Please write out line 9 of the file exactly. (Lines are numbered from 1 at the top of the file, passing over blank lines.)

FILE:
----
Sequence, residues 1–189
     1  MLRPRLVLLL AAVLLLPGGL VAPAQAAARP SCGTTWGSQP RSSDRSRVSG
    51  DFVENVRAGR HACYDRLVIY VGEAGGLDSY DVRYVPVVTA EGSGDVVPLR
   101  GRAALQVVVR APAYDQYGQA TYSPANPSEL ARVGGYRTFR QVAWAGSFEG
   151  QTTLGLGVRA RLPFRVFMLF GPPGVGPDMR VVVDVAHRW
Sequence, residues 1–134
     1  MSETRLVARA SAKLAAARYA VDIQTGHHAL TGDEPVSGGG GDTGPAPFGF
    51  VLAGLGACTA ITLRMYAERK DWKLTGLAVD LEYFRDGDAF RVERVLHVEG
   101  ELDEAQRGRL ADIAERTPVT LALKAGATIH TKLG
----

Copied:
   101  ELDEAQRGRL ADIAERTPVT LALKAGATIH TKLG